The general platforming is a ton of fun, which is good because the majority of the game consists of trying to figure out the best way to traverse each environment to get where you need to get to, using the tools you’ve been given. This is truly the high point of the game. Uncharted had a bad habit of assuming its players are a bit more on the casual side, which i understand for a certain accessibility standpoint. Tomb Raider pulls no punches at making you think as if you were in Lara’s shoes, holding Lara’s tools, trying to navigate your environment in the safest and most efficient way possible, though they are rarely the same route. The feeling you get when you look back and realize how far you’ve traveled, in awe of how on earth you got there or could ever begin to get back down, is near unrivaled.
While taking away from the notion of someone truly being out of their element, it needs to be said that the combat system built here is both fun and visceral, and although the first few times you see yourself go down in a stunning exposition of violence may put a few people off at first, it does make you feel the impact as bit more. Avoiding such scenes becomes increasingly difficult as the level of difficulty steadily increases up until the end, introducing a fair number of different enemy types to keep it both relatively realistic and enjoyable for the sake of variety. Sadly for the sake of the story it is trying to tell however, there is a distinct turning point once you get your initial weapon slots filled, where it starts to feel as if you’re the one doing the hunting. This is only a shame for the fact it takes away from the story, the change of pace is just as enjoyable, especially if you choose to stick to going for silent assassinations with the bow as opposed to running through the islands jungle Rambo style as you hear the enemy AI clearly as scared as your character is portrayed to be.
The game is roughly 10-12 hours long if you’re going for a complete story, but the Island offers a slew of options for exploration. There are numerous areas to hunt, though there is no need to do this particular activity versus any other, so it feels a little throwaway. You can explore the island for hidden tombs, of which there are a good amount, though they are often a single puzzle. The puzzles are plenty challenging, it;s just a shame considering the level of accomplishment that is felt when completing one only to be rewarded with XP and left to explore for another. The game has a bit of an identity crisis overall, telling a decent story very reminiscent of the television show LOST, often coaxing you to care for a character only to have them kidnapped moments later. This sort of storytelling would be fine, but the level of combat system designed for the game tells a significantly more badass tale, where in Lara is not a bow wielding survivor as is initially laid out, but rather a machine gun totting brawler who wouldn't hesitate to take her climbing ax to a fellows brains.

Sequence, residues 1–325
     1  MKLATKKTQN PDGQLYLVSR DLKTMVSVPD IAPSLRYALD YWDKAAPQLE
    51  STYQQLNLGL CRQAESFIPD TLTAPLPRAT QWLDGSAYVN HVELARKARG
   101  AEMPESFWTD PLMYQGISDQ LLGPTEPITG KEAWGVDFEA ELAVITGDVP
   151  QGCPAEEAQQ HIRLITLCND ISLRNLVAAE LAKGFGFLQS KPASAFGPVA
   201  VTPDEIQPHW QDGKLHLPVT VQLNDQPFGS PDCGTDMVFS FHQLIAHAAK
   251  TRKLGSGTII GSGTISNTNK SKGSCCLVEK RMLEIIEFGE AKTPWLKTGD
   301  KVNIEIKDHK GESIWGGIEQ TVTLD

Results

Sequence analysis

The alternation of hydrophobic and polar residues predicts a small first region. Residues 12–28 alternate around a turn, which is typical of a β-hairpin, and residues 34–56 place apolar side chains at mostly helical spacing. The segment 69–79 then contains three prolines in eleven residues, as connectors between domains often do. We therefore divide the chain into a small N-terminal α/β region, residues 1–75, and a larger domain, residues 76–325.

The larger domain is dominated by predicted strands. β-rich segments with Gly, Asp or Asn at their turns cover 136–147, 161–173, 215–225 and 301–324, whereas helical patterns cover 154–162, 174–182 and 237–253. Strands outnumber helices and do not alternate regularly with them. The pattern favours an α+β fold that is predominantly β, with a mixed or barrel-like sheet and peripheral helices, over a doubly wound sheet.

That said, Crystal Dynamics has built a sunning island to showcase the new Lara, and though her origin tale may not be legendary, it sets up a promising new perspective on the explorer we all came to know years ago. All while delivering a fun and satisfying combat experience. The level of attention put into a huge number of interactive parts on the island, many of which will come into play for the majority of the games puzzles, can be simply breathtaking at first use. Minor Identity crisis aside, This is one Survivor I’d be happy to see return for another outing, though preferably with an emphasis on the puzzles and traversal that made this game so fun and different, and less on the combat that sometimes took me out of the moment.
Tomb Raider for the Xbox360 gets a ⅘.
Tomb Raider is a game developed by Crystal Dynamics and published by Square Enix. Story consists of the equivalent of 10 missions, each spanning about an hour or so depending on the level of exploration done. Multiplayer DLC on the way at time of writing, no story DLC announced as of yet. No demo will be available for the game. Tomb Raider is now available for purchase worldwide for Xbox360 and Playstation3